LEXINGTON, Ky. — The Kentucky Hemp Association is filing an injunction against the Kentucky Department of Agriculture after a letter was sent to workers within the hemp industry banning them from distributing Delta-8 THC products.
What You Need To Know
- Kentucky Hemp Association is filing an injunction against the Kentucky Department of Agriculture over the popular Delta-8 THC products
- The injunction has been assigned to a judge in Boone County
- Some stores selling Delta-8 THC have allegedly been raided for removal of products
- In April, the Kentucky Department of Agriculture sent out a letter asserting distribution of the Delta-8 product is illegal
Ginny Saville, with The Botany Bay in Lexington, is just one of many shop owners that supports the use of Delta-8 THC products. Saville said after learning about multiple raids in Kentucky, she had to get rid of all her products containing Delta-8.
“Some of them have been full of raids, like the police coming in and they'll take off everybody there and put zip ties on their hands behind their back and take all the merchandise. Not just a little bit that's in question, but everything,” Saville said.
Delta-8 is a cannabinoid compound that can cause psychoactive effects similar to marijuana. It can be extracted from both hemp and cannabis.
In April, the Kentucky Department of Agriculture sent out a letter stating distribution of the Delta-8 product is illegal. Saville said even though the product is off her selves, she stands with her industry and believes they have the right to sell these products.
“If they want to make it illegal, they can file a bill in January. We have a process. I go through that process," she said. "Every year, trying to get things changed. Obviously I'm not succeeding. But they know the process better than me. They can do it through the legislature, but until then they don't get to send the police out, and they don't get to just decide to tell everybody that you don't get to do this because we don't like it,” Saville said.
The Kentucky Hemp Association filed an injunction against the Kentucky Department of Agriculture asking them to stop their raids until they can go to court.
Katie Moyer, the Secretary for the Kentucky Hemp Association, said Delta-8 has over 100 different compounds with different benefits, and taking away these products is hurting not only the community but also the industry.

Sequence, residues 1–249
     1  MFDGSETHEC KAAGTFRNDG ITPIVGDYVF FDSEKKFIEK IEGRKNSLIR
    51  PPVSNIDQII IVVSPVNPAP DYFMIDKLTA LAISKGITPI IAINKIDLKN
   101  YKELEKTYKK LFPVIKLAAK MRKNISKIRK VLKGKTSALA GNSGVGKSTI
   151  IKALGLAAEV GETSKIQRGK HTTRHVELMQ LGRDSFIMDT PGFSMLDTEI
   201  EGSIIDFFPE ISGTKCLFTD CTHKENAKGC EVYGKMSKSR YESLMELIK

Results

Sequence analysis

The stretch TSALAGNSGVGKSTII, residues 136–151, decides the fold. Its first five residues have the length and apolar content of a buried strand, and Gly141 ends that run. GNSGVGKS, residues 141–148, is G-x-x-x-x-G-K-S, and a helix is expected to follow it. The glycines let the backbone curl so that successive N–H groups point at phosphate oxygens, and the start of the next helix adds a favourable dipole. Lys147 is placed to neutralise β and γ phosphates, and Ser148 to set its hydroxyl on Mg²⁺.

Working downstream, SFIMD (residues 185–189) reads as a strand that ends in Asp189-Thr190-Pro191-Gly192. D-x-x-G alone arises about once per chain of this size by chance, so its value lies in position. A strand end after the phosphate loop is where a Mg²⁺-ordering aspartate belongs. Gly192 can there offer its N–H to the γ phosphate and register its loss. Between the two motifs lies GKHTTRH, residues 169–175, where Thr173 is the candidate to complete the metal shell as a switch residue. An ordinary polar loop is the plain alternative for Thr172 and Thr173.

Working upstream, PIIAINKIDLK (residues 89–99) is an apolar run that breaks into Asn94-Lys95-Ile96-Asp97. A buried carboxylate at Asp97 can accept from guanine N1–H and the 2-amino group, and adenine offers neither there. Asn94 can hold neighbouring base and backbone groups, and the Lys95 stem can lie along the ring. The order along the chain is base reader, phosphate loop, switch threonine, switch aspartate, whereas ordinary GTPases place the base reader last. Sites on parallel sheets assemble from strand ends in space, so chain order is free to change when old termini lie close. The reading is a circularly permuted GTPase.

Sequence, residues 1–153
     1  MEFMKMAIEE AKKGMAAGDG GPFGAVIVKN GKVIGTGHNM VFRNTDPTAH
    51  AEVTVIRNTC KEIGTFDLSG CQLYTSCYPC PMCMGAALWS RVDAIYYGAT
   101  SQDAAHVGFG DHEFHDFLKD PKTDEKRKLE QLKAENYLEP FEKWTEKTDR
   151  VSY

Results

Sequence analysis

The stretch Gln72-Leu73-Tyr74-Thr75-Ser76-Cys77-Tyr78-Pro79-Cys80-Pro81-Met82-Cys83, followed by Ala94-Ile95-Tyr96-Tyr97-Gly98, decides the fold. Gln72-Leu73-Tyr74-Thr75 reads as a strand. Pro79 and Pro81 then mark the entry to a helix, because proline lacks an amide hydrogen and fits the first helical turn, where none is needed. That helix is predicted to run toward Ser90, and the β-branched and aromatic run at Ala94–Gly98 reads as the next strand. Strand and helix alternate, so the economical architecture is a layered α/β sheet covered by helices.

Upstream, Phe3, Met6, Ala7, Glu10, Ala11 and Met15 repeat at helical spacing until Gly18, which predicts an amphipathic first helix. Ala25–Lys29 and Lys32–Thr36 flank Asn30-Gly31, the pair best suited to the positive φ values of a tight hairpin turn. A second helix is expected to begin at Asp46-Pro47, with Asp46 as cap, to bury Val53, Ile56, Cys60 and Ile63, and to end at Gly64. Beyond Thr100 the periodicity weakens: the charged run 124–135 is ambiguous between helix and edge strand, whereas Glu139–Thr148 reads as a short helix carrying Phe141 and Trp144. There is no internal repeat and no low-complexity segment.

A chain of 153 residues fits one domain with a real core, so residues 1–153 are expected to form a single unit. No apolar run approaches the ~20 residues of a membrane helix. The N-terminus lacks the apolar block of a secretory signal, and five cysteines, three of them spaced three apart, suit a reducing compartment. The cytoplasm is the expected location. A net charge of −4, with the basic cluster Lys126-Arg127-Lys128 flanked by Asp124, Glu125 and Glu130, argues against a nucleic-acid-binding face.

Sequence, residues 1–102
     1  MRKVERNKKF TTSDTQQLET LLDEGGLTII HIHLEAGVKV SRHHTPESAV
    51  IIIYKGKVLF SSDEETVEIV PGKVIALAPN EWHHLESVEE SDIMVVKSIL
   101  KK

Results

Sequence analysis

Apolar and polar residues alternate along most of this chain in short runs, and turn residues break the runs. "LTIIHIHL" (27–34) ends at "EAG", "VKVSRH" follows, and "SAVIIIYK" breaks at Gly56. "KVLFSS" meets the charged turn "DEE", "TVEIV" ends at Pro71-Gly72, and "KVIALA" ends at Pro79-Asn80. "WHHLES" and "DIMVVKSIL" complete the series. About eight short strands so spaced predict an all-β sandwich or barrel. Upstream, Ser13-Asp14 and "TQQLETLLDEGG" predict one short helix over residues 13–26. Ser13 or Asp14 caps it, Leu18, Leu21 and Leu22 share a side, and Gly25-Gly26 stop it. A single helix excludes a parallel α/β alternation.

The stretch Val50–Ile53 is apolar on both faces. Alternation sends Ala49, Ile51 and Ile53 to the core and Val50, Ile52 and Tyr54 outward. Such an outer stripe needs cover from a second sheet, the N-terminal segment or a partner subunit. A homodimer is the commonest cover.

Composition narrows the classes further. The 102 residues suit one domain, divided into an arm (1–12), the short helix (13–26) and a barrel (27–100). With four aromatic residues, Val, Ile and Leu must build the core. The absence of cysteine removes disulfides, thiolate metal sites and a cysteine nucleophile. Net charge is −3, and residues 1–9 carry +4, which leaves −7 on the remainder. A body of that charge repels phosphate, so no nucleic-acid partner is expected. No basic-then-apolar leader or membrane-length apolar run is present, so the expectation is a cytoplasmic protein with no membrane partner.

“We now have this chilling effect of other stores who are sacrificing potential income, stores are losing $4,000 to $5,000 a day or more on these products, and they're just simply scared to sell them and that's unfortunate, especially in a situation where the decision on whether or not this is legal has come down to a letter, as opposed to a specific law,” Moyer said.
The Kentucky Department of Agriculture’s spokesperson released a statement on the banning of Delta-8 products, citing Delta-8 THC's tendency to induce psychoactive effects similar to the effects of marijuana.
“When hemp advocates first approached policymakers about legalizing hemp, they assured everyone that hemp was different from marijuana and that it was not an intoxicating substance. Relying upon those assurances, the Kentucky General Assembly and the United States Congress passed laws legalizing hemp by creating a definition to separate it from psychoactive forms of cannabis that puts users in an altered state," The statement read. "Now, some want to argue that lawmakers accidentally legalized an intoxicating synthetic substance called Delta-8 THC. This position is outside the mainstream, so much so that even Colorado – a state known for legalizing recreational marijuana – has banned Delta-8 THC products.”
The Department of Agriculture asserts that claims of Delta-8 being "natural" are inaccurate, supporting their position with reports of Delta-8 THC being made with dangerous chemicals in lab environments.
"Delta-8 THC products do not contain compounds naturally extracted from the hemp plant. They contain synthetic Delta-8 THC compounds created in a lab. According to news reports, Delta-8 THC products can and are being made with battery acid and pool chemicals, are making people sick, and have traces of harmful chemicals and metals. That’s why poison control centers in Virginia, Michigan, and West Virginia have issued bulletins warning about the toxicity of these products.
“If legislators wanted to legalize this product, it would be simple enough for them to enact a law saying so. Because they haven’t, we have to follow the law and educate our license holders about what is legal and what isn’t.”
Saville said she stands with the injunction and hopes the Department of Agriculture will take into consideration their concerns for the industry. The injunction the Kentucky Hemp Association filed has been assigned to a judge in Boone County.